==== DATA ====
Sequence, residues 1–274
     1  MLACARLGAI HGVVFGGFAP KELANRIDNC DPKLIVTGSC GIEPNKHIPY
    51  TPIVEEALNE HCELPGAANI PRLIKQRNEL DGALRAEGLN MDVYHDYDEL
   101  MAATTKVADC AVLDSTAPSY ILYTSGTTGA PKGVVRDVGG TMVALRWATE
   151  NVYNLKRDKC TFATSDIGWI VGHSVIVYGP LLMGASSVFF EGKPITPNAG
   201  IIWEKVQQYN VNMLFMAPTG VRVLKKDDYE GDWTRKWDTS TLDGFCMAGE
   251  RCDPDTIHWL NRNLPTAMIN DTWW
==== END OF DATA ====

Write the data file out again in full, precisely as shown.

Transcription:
Sequence, residues 1–274
     1  MLACARLGAI HGVVFGGFAP KELANRIDNC DPKLIVTGSC GIEPNKHIPY
    51  TPIVEEALNE HCELPGAANI PRLIKQRNEL DGALRAEGLN MDVYHDYDEL
   101  MAATTKVADC AVLDSTAPSY ILYTSGTTGA PKGVVRDVGG TMVALRWATE
   151  NVYNLKRDKC TFATSDIGWI VGHSVIVYGP LLMGASSVFF EGKPITPNAG
   201  IIWEKVQQYN VNMLFMAPTG VRVLKKDDYE GDWTRKWDTS TLDGFCMAGE
   251  RCDPDTIHWL NRNLPTAMIN DTWW